- arr[mid] > arr[high] – If the mid element is greater than the last element, then the pivot should be in the second half of the array. Why is this so? This is actually because it is a sorted and rotated array. You may not understand this at first, but think of the values of the elements in the array as a histogram. Try to understand the picture below, I’m sure you can figure out why this happens –
- arr[mid] < arr[high] – If the mid element is less than the last element, then the pivot should be in the first half of the range.
- If mid element is a peak – If the mid element satisfies the property of the peak element (not lesser than its neighbours), then, it is the pivot.
// A Divide-and-Conquer approach to find the pivot (highest) element in // a sorted rotated array - returns the index of the pivot -> O(log N) int peakElement(int arr[], int low, int high, int lowerBound, int upperBound) { int mid = low + (high - low) / 2; if (mid == lowerBound) { if (mid == upperBound) { // Only 1 element return mid; } else if (arr[mid] >= arr[mid + 1]) { // Pivot is the greater element return mid; } } else if (mid == upperBound) { if (arr[mid] >= arr[mid - 1]) { // Pivot is the greater element return mid; } } else { if (arr[mid] >= arr[mid + 1] && arr[mid] >= arr[mid - 1]) { // Mid value is the pivot return mid; } else if (arr[mid] > arr[high]) { // The Pivot is in the second half return peakElement(arr, mid + 1, high, lowerBound, upperBound); } else if (arr[mid] < arr[high]) { // The Pivot is in the first half return peakElement(arr, low, mid - 1, lowerBound, upperBound); } } return -1; }
We can do this in O(N) time if we have readymade data structures. In Java, we could use a HashSet
For this question, the elements of the array are distinct and we must print only the distinct pairs.
import java.util.HashSet; import java.util.Scanner; public class TwoElementSum { public static void main(String[] args) { Scanner s = new Scanner(System.in); int n = s.nextInt(); int[] arr = new int[n]; HashSet<Integer> hashTable = new HashSet<>(); for (int i = 0; i < arr.length; ++i) { arr[i] = s.nextInt(); hashTable.add(arr[i]); // O(1) insertion } int k = s.nextInt(); // The sum to be compared for (int i = 0; i < arr.length && arr[i] < k - arr[i]; ++i) { if (hashTable.contains(k - arr[i]) && hashTable.contains(arr[i])) { // Counterpart is present // Print in increasing order System.out.println(arr[i] + " " + (k - arr[i])); } } } }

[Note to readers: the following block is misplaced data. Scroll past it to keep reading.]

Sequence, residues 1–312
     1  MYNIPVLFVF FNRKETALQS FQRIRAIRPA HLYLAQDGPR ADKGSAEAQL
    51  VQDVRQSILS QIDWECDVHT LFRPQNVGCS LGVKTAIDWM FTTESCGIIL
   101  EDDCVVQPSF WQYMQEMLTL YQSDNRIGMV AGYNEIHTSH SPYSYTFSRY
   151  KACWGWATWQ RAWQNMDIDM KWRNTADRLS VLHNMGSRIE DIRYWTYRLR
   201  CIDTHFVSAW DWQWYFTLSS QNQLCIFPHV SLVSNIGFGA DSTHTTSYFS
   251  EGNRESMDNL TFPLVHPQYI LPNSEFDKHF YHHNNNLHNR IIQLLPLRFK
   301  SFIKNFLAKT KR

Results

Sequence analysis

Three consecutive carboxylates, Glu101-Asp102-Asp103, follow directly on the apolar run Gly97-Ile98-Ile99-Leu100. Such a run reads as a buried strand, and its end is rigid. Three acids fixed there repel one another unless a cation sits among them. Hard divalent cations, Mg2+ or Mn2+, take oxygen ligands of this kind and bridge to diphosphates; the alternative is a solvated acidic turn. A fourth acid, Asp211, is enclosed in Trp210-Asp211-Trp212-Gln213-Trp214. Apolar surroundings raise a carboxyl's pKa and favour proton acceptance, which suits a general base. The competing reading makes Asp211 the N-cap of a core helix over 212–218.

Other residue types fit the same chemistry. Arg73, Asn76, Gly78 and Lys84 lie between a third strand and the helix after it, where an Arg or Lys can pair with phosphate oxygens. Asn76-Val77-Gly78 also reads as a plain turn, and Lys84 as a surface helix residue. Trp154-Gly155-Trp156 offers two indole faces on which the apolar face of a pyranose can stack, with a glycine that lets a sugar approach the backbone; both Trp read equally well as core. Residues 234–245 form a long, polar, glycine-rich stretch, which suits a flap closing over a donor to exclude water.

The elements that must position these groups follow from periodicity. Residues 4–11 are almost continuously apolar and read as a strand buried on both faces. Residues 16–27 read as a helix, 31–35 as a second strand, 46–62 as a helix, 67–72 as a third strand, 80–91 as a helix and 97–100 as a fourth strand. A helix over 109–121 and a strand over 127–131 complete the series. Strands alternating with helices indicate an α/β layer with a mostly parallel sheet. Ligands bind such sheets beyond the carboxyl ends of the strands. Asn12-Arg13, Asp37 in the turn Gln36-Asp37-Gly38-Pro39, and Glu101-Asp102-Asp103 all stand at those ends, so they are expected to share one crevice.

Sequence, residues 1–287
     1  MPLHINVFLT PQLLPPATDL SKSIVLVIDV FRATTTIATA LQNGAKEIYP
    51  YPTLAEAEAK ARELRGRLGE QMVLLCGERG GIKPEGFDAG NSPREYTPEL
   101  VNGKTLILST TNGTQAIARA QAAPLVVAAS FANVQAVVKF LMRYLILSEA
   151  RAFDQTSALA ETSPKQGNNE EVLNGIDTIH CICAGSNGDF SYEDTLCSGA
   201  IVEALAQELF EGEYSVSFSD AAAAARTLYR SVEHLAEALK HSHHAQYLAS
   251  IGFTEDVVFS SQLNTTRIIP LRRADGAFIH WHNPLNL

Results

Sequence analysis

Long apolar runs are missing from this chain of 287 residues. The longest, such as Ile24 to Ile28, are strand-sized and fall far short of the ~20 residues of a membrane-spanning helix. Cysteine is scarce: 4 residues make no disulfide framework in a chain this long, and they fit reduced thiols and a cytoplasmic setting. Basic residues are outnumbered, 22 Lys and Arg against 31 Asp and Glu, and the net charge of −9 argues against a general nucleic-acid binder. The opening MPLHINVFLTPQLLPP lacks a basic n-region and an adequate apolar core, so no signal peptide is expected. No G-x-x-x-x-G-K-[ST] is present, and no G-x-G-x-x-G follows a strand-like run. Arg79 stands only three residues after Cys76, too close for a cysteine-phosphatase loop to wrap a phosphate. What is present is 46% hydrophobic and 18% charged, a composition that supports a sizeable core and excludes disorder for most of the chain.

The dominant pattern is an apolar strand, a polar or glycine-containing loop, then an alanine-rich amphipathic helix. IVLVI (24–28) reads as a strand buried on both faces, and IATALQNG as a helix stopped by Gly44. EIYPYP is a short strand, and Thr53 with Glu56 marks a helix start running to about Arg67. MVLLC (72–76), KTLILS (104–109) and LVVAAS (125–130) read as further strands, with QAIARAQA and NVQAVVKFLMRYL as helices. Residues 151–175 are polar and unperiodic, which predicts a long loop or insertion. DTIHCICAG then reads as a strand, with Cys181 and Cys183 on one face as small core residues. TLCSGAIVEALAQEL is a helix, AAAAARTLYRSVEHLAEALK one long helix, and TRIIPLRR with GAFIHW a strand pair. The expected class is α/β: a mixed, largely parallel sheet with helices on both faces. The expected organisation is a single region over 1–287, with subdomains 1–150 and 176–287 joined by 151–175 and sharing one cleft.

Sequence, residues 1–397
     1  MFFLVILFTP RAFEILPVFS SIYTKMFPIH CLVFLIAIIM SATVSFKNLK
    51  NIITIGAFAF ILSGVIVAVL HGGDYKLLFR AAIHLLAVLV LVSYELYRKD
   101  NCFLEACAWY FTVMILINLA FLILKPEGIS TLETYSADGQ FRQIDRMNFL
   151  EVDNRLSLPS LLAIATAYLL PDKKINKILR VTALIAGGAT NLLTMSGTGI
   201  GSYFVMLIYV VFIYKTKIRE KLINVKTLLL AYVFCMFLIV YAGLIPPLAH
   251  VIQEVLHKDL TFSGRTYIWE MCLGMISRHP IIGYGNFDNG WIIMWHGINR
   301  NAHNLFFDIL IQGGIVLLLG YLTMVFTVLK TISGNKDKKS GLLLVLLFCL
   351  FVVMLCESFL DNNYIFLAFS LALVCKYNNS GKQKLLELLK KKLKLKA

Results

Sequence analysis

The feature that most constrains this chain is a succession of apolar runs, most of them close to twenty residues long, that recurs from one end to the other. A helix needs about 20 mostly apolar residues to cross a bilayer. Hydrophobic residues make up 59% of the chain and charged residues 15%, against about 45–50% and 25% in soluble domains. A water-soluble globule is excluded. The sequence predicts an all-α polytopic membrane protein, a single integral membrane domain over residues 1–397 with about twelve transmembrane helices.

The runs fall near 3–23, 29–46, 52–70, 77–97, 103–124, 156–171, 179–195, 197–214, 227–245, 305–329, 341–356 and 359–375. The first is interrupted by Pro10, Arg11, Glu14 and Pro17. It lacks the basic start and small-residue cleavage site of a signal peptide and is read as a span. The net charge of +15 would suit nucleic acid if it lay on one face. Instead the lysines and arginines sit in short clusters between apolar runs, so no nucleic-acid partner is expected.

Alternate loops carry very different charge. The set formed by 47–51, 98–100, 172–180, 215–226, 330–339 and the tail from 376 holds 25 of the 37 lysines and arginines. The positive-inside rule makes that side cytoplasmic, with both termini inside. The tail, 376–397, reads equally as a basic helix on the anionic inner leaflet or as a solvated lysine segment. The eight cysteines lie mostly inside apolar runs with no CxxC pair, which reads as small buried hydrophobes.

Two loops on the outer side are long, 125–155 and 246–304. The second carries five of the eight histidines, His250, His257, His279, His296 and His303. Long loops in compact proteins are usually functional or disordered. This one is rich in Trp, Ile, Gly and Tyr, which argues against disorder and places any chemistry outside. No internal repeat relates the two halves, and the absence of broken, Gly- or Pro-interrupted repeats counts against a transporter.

import java.util.Arrays; import java.util.HashSet; import java.util.Scanner; public class ThreeElementSum { public static void main(String[] args) { Scanner s = new Scanner(System.in); int n = s.nextInt(); int[] arr = new int[n]; HashSet<Integer> hashTable = new HashSet<>(); for (int i = 0; i < arr.length; ++i) { arr[i] = s.nextInt(); hashTable.add(arr[i]); // O(1) insertion } // The sum to be compared int k = s.nextInt(); Arrays.sort(arr); // O(N log N) // O(N^2) for (int i = 0; i < arr.length; ++i) { for (int j = i + 1; j < arr.length; ++j) { int val = k - arr[i] - arr[j]; if (val != arr[i] && val != arr[j] && hashTable.contains(val)) { // Counterpart is present if (val > arr[i] && val > arr[j]) { System.out.println(arr[i] + " " + arr[j] + " " + val); } } } } } }
- Take three loops to iterate over the array. (N^{3})
- Compute the fourth element mathematically and check if it is present in the array in O(1) time by using a Hash Table.
But this can be solved in O(N^{2}) time and with O(N^{2}) extra space –
- Store all the pairs and the indices of the elements which make up the pairs – O(N^{2})
- Now we have, our problem reduces to finding pairs whose sum is K, which can be done in linear time, which here, will cost us O(N^{2}) time.
But this takes too much memory. This solution will be posted soon.